The inverter I am using is a Xantrex Prowatt 2000, a good rugged unit intended for marine application I think. Pure sine wave output and was the best I could do cost wise at the time. I have been running it 24/7/365 for years with no issues.

  • Like 1

Share this post


Link to post
Share on other sites
Paul
9 hours ago, Kreole said:

Did you buy your Honda generator in Cebu?  If so, how much?  Or are you still in Cambodia?

Bought it in Phnom Penh. Had to order it. It was $888 USD. I was going to buy a second one. But, may wait and buy a 15kva Denyo for $3,500 USD. That would run the entire farm. I am in Battambang, 5 hours from PP.

7 hours ago, davedude said:

I need to upgrade my inverter to an inverter/charger.

Sounds like you need more PV.

Share this post


Link to post
Share on other sites
AlwaysRt
On 6/2/2017 at 5:09 PM, Paul said:

We had a short power cut today, about 2 hours. I just took the cover off and put the genset outside. I switched off the main breaker feeding the house and fired up the little gal. Gave 'er a bit of time to warm up, then connected the house loads to it. Then, I switched eco-mode on. She quieted right down and purred like a kitten the entire time running. Trust me when I say you won't be disappointed with a Honda Inverter. Just choose the size you need for your application.

By the way, the 2,000 watts (surge, 1600 watts continuous) unit will run an inverter refrigerator, a freezer, 3 UPS's, a network, a desktop computer with dual monitors, a speaker system, and all the lights and fans you want. It will still not be under anything near a full load.

What would you recommend as an upgraded UPS battery? I have a APC 650 that I have my TV as a monitor, laptop, and router plugged into. The 12v 7Ah battery lasts about 10 minutes in a brownout so I was thinking of replacing it with a 12v 100Ah or 200Ah battery to get 1 or 2 hours of available runtime. This last year we have had almost daily 5-20 minute, weekly 20-50 minute, and monthly 1-2 hour brownouts. All I care about is continuing to read/type on the forum or watching a video. I am fine doing without lights, ref, etc for the short amount of time which also makes going the generator route an exercise in futility for the most part.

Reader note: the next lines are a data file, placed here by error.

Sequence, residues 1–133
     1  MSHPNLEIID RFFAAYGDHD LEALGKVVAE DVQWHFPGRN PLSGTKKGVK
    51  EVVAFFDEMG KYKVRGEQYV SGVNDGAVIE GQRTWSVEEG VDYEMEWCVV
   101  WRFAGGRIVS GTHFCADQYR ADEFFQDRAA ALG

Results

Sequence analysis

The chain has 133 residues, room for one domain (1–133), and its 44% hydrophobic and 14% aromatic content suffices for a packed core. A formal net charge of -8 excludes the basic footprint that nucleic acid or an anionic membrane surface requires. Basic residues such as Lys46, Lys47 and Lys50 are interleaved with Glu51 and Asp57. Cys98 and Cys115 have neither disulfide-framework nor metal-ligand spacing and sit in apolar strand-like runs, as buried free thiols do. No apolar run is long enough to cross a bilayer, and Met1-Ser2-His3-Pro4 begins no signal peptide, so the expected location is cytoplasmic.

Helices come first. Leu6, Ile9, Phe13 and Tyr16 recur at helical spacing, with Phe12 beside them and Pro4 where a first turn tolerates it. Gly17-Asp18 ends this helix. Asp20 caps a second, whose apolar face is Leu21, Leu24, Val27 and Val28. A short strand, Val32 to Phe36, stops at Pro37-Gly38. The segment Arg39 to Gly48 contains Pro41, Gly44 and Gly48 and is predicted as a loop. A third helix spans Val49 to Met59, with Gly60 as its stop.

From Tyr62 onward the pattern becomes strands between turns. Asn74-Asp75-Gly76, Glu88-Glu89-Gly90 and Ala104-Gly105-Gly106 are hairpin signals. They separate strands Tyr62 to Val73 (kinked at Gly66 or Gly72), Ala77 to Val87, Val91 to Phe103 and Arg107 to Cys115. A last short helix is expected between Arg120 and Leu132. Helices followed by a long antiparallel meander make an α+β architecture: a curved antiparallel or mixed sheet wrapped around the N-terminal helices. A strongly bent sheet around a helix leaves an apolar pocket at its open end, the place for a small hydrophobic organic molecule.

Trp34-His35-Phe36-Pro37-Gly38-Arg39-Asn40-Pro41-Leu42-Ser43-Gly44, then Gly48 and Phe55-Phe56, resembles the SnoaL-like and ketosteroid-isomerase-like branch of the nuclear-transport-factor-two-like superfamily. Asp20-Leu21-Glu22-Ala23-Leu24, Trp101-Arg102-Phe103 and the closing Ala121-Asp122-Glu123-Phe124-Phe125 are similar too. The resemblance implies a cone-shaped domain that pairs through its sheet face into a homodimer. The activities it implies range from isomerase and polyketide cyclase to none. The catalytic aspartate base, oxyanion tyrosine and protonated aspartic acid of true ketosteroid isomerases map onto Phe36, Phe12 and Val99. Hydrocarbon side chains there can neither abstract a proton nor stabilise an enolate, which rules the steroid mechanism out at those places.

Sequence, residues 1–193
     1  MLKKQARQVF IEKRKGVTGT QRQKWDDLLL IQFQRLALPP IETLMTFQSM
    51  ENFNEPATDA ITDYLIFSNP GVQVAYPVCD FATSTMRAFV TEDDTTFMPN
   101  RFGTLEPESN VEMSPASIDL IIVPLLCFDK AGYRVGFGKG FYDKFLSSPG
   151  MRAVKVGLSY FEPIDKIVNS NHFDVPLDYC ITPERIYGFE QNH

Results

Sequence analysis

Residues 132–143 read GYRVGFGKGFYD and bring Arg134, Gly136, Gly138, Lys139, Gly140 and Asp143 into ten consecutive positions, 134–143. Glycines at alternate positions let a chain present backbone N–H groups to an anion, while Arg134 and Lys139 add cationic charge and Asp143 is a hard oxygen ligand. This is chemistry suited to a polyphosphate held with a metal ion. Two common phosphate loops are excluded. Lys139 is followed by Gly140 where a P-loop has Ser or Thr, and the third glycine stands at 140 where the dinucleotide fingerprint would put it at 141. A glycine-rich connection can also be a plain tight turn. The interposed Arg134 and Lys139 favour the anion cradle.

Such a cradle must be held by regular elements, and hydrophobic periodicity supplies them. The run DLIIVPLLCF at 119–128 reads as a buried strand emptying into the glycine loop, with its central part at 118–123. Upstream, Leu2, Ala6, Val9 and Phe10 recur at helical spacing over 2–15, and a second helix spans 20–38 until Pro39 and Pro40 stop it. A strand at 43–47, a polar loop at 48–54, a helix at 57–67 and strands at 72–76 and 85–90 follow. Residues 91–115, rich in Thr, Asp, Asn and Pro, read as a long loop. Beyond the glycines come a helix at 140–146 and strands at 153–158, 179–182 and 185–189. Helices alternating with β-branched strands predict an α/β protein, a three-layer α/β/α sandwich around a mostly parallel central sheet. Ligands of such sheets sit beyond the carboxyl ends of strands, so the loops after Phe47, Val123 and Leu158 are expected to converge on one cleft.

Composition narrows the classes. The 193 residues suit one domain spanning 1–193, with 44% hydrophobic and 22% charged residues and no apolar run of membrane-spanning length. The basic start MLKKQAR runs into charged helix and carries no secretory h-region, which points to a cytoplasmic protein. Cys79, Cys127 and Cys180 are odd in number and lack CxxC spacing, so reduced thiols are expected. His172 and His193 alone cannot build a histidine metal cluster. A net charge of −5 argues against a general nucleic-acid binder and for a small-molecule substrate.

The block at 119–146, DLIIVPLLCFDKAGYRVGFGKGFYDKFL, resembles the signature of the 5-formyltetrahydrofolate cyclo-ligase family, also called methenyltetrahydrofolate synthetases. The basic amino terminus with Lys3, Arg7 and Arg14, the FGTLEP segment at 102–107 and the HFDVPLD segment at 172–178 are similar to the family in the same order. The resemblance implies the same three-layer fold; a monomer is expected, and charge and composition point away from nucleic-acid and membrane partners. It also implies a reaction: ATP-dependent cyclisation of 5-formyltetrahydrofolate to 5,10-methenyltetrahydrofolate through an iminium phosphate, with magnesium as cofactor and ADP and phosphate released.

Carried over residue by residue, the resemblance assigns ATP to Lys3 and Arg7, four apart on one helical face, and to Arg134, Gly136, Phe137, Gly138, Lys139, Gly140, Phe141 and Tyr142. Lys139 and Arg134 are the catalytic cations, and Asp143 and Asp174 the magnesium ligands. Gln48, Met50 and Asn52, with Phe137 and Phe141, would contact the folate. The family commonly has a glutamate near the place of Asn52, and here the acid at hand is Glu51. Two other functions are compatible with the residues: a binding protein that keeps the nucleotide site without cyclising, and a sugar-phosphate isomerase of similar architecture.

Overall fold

Is there more required to do this than finding the right kind and size battery?

Share this post


Link to post
Share on other sites
Paul
42 minutes ago, AlwaysRt said:

All I care about is continuing to read/type on the forum or watching a video.

You addict. :D

42 minutes ago, AlwaysRt said:

What would you recommend as an upgraded UPS battery?

Keep in mind, the larger battery  you go with, the longer the UPS will take to charge it. UPS units, typically charge very slowly - like, maybe 1 ampere per hour? They aren't quick, for sure. 

With that said, I would probably go with a 50ah battery, to replace the 7ah "alarm" type battery most of these units use. Depending on how old your current 7ah battery is, that should provide you with ample run time. 

What all are you running, currently off your UPS? I run two on my main computer. One is a 650; the other a 750. Together, they run 2 monitors, the sound system, and the CPU. I have another 650 that only runs the modem / router and another router. 

Share this post


Link to post
Share on other sites
AlwaysRt
1 hour ago, Paul said:

What all are you running, currently off your UPS? I run two on my main computer. One is a 650; the other a 750. Together, they run 2 monitors, the sound system, and the CPU. I have another 650 that only runs the modem / router and another router. 

50 inch TV as a monitor, Globe LTE router, laptop, and speakers. My APC 650 UPS is less than a year old and still has the original 12v 7Ah battery that it came with.

Is there a type of battery to specifically look for? I saw a 100Ah and 200Ah battery at Handyman that look like sealed, very large UPS batteries. Is there a brand name to look for or stay away from? (here in the Phils)

Edited by AlwaysRt
added another paragraph
  • Like 1

Share this post


Link to post
Share on other sites
Paul
26 minutes ago, AlwaysRt said:

Is there a type of battery to specifically look for? I saw a 100Ah and 200Ah battery at Handyman that look like sealed, very large UPS batteries. Is there a brand name to look for or stay away from? (here in the Phils)

I've been away for over 5 years. Someone else would have to advise you on quality. But, Motolite use to have pretty decent batteries. I would look for any decent quality deep cycle battery. Definitely go with sealed lead acid, over flooded lead acid. Again, keep in mind the time it will take to recharge the battery with the UPS charger. 

If the UPS has telephone line protection, you can remove that with one screw in some UPS units, typically, and just extend the battery wires through the opening(s) left at the rear of the unit, to connect to the new battery. If they are APC units, you can drill holes in the case to run the wires through.